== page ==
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City Sightseeing Details:
Located in the South Indian state of Karnataka at around 187 km from the state capital Bangalore, Hassan extends from 13°01/’ North to 76°10/’ East. Being the nearest railhead to Belur, Halebid, and Shravanbelagola, Hassan is an ideal base to explore these historical sites.

The region of Hassan had been under the control the Hoysalas from 11th to 13th century AD. It was during this period that the great temples of Belur and Halebid were constructed. Hassan was also greatly influenced by Jainism. It became a well-known centre of Jain literature.

This busy little town has a pleasant climate throughout the year. The summers are warm with the temperature soaring up to 35°C. The average annual rainfall in the district is around 700 mm. You can visit the place any time of the year but it is advisable to avoid the rainy seasons.
Situated on the banks of the Yagachi River, Belur was the first capital of the Hoysala dynasty. The Channekeshava Temple here is one of the three major Hoysala sites still in daily use. One of the earliest structures of its type, the construction of the temple was started in 1116 and took almost a century to complete. The Hoysalas built it to commemorate their victory over the Cholas. The temple is
dedicated to Lord Krishna. Built on a star-shaped platform, the temple stands in a courtyard surrounded by a rectangular wall. The winged figure of Garuda, Vishnu/’s carrier, stands at the entrance facing the temple.
The temple doesn/’t seem to impress one at the first glance as much of the superstructure has been lost. However, as one moves towards the temple, the work of excellent craftsmanship is revealed. Exquisite sculptures cover the exteriors. The base is surrounded by a line of 650 elephants with rows of figure and foliage above. Young musicians and dancers adorn either side of the main door. At the centre of the hall stands the Narasimha Pillar whose astonishing details are worth a look.
To the west of the Channekeshava Temple lies the Viranarayana Temple. You can have look at the fine sculpture of the temple and also visit some of the smaller temples around it.
Founded in the early 11th century as Dvarasamudra, this ancient capital of the Hoysala empire was destroyed by the armies of the Delhi Sultanate in 1311 and 1327. The famous Hoysaleswara temple, which today is the centre of attraction, however survived the destruction. The town was later renamed as Halebidu or Halebid. The history of the Hoysaleswara temple dates back to around AD 1121. Though its construction spanned over 80 years, it was never completed. In structure, the temple is similar to the one at Belur. The temple is set in a well-tendered garden and has two shrines dedicated to Lord Shiva. A Nandi bull faces the each shrine. All around the temple one can find big statues of Hindu deities with minute details on them displaying the excellent craftsmanship. The Jain bastis nearby form another major attraction in Halebid. These 12th-century temples stand in a garden enclosure where you can walk around and have a look at the dark interiors with carved ceilings.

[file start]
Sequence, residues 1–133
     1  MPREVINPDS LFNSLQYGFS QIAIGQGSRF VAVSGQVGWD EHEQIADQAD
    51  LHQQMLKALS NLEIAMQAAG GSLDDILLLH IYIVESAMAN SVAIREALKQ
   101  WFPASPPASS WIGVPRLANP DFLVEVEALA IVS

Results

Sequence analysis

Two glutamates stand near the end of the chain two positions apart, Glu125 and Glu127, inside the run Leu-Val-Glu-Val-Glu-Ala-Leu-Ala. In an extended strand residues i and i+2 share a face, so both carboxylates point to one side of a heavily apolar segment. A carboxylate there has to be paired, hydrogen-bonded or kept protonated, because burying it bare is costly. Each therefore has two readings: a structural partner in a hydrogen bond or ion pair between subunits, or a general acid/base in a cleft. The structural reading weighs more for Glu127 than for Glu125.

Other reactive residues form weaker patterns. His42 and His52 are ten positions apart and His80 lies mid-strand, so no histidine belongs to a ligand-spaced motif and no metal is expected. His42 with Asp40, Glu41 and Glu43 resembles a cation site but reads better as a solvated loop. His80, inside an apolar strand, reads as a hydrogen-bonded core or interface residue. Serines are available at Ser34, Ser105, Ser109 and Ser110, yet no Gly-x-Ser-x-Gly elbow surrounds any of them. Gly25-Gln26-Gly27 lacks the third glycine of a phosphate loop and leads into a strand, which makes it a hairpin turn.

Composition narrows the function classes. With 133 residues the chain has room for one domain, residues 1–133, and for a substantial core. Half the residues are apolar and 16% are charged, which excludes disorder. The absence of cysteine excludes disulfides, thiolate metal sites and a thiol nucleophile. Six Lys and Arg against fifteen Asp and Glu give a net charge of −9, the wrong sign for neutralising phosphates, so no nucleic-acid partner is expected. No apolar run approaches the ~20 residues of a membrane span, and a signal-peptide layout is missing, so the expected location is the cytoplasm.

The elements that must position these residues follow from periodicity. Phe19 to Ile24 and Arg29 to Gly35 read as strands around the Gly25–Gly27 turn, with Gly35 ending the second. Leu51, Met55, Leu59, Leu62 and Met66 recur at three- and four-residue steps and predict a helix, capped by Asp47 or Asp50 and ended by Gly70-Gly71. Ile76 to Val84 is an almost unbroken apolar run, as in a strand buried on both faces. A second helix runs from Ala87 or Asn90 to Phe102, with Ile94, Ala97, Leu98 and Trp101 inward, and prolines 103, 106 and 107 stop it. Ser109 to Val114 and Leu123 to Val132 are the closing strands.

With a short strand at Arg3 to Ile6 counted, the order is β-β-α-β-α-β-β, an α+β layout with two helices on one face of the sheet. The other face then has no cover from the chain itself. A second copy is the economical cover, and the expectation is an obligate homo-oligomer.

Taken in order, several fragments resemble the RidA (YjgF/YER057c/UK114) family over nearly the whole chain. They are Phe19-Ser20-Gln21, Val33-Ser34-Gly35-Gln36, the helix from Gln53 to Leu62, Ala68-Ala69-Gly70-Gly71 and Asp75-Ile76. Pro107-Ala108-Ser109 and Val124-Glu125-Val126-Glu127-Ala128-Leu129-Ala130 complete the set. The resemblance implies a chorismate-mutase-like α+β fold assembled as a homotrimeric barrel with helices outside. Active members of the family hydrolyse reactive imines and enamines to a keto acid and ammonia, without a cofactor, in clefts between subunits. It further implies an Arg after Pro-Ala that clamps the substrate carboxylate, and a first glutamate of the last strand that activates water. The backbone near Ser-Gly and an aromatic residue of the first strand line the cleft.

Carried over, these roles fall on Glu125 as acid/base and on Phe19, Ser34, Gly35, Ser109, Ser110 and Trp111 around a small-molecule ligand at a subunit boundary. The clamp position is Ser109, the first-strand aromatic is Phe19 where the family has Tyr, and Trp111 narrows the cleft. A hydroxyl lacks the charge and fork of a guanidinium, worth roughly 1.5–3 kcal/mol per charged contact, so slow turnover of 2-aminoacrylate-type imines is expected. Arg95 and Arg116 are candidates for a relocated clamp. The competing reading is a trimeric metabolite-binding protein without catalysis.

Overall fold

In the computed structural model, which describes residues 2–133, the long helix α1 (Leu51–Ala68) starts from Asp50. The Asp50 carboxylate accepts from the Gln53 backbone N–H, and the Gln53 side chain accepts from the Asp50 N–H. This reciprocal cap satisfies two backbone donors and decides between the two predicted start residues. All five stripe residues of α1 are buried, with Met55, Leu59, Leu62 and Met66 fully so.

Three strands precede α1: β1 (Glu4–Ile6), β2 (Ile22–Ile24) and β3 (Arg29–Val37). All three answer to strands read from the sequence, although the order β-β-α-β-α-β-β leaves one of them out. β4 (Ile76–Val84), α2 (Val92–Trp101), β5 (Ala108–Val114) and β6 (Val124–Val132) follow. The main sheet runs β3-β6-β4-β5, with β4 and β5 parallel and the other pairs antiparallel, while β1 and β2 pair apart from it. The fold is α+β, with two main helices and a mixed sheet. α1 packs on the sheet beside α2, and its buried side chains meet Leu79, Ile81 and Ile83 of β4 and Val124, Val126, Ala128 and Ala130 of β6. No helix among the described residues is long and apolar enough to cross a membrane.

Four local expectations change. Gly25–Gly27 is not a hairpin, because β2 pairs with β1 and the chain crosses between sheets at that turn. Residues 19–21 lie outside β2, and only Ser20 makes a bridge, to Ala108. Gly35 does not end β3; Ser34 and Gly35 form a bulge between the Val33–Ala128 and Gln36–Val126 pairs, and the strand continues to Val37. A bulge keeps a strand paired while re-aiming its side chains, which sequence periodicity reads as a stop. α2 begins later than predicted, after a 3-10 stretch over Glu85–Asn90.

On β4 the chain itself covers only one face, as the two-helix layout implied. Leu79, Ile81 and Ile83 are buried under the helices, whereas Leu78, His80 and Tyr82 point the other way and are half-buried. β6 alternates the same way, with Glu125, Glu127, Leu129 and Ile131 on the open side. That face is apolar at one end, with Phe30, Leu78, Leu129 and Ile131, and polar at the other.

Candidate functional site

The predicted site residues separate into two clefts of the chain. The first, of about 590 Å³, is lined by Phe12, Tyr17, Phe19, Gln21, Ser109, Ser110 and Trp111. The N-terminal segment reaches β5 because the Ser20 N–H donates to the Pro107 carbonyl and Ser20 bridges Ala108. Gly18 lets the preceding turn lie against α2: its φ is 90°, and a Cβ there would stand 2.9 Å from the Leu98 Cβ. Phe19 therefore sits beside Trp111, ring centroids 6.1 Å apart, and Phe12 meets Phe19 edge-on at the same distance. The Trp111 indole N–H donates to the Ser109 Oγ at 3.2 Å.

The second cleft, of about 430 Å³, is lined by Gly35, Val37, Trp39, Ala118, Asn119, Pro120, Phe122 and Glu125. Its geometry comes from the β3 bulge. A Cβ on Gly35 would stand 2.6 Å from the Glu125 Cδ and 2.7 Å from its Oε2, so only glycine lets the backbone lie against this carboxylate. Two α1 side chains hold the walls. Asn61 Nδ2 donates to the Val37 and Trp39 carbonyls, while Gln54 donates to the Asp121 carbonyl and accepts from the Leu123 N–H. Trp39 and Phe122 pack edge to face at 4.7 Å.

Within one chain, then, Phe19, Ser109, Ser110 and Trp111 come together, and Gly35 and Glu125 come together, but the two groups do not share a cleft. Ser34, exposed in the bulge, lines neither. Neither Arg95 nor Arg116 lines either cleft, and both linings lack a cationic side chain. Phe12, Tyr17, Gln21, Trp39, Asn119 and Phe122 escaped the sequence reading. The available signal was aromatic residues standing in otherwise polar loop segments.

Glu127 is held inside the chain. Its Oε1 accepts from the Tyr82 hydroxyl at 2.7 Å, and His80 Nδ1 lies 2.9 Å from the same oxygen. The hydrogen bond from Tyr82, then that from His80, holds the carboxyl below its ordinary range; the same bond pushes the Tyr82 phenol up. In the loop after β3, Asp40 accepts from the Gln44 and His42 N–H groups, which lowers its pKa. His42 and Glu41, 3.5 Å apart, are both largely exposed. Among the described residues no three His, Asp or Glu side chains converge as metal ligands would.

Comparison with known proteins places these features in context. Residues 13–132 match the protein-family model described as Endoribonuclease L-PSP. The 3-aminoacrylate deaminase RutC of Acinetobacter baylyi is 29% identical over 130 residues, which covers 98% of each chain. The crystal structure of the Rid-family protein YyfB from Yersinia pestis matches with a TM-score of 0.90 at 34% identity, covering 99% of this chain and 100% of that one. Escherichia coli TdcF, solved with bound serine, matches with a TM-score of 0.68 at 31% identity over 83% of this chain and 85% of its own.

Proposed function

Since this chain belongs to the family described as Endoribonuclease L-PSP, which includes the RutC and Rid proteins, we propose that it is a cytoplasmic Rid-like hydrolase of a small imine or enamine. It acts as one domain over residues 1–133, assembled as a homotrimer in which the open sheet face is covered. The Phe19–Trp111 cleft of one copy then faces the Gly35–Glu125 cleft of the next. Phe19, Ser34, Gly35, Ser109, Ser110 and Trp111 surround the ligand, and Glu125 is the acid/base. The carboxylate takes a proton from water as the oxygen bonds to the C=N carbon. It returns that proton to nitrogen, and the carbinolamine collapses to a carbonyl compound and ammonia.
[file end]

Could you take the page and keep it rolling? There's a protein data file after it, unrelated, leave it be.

Excursions From Hassan:
Barely 60 km from Hassan, Chikmagloor (literally, younger daughter/’s town) is carved against a mountainous canvas of lofty peaks, delightful dales, racing rivers and sparkling streams. This hilly district situated in south-western part of Karnataka also has some exciting trekking routes in the Western Ghats . Chikmagloor town is a centre of education, trade and commerce and has some interesting monuments belonging to all religions. The Kodandarama Temple (which shows influences of both Hoysala and Dravidian styles of architecture), the Jamia Masjid, and the St. Joseph/’s Cathedral are some of the important monuments not to be missed. Another place worth visiting is Hiremagloor (now a part of Chikmagloor town) that has an Ishwara Temple with a 1.22-metre-high image of Jademuni.
Shravanbelagola :
The Monk of the White Pond or Shravanbelagola is the oldest and the most important pilgrimage centre for the Jains in the country. The town is famous for being the home to the world/’s tallest monolithic, the Gommateshwara statute. The 17-metre-high statue representing the saintly prince Bahubali was erected some time between AD 980 and 983. To reach the site of the statue, which stands on the hill, you need to climb a flight of about 700 steps carved in the steep granite slope. The path starts near the village and as you go up you can have an excellent view of the surrounding areas. Several small shrines dot the path up to the statue. The carved statue is nude and captures the tranquillity typical to the Buddhist
and Jain art. Shravanbelagola becomes a hub of activity during Mahamastakabhisheka or the ritualistic head-anointing ceremony of the statue of Gommateshwara. About 200 metres to the left of the path leading to the statue lies the Bhandari basti. Believed to have been built in AD 1159, it houses 24 images of Tirthankaras in a spacious sanctuary.

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